Q. Why would somebody be placed under a conservatorship?
A. Conservatorships are legal mechanisms to help people who are considered unable to care for themselves or their finances. Conservatorships are often thought of in the context of people who are older, but anybody can be placed under a conservatorship, so age doesn’t matter. There are different kinds of conservatorships. Some conservators have legal authority only over the financial aspects of someone’s life, but other conservators have more expansive powers, such as choosing where the person will live.
You can think of someone who is mentally incapacitated, like someone who is deep into dementia or hospitalized and unable to communicate. They are designed to protect people who cannot care for themselves.
Q. Why do conservatorships seem so easy to abuse?
A. It’s important to recognize that conservatorships can be incredibly useful. You hear stories of people who are wiring tens of thousands of dollars to strangers in other countries, and conservatorships can prevent that. But they can be easy to abuse because there’s limited oversight. Generally, a conservator is supposed to provide an annual report to the court on the financial aspects of the conservatorship. That’s very little oversight, however, and under-resourced courts may be unable to do the requisite monitoring. Indeed, data from states on conservatorships can be difficult to collect.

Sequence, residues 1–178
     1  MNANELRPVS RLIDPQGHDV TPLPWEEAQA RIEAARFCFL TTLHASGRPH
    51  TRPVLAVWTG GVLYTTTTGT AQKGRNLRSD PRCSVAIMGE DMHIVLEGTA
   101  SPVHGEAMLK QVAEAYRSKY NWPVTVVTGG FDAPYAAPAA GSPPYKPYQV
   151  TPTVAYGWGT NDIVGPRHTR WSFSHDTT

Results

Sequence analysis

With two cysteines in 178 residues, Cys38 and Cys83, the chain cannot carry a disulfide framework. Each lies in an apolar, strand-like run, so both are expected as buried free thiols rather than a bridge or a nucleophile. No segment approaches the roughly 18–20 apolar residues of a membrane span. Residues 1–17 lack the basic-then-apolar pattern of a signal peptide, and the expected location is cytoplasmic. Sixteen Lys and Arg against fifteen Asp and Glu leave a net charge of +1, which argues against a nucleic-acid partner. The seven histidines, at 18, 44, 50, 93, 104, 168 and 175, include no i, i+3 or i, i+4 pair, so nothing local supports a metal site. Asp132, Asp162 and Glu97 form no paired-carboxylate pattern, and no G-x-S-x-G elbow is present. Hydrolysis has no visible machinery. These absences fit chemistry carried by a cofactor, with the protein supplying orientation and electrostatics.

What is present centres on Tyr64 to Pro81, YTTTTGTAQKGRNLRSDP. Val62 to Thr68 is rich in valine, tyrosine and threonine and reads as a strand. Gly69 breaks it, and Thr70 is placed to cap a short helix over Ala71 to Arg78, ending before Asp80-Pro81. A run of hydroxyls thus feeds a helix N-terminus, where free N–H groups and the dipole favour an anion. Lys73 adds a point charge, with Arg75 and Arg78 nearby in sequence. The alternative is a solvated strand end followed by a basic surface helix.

Q. How does Oher’s case compare to Spears’?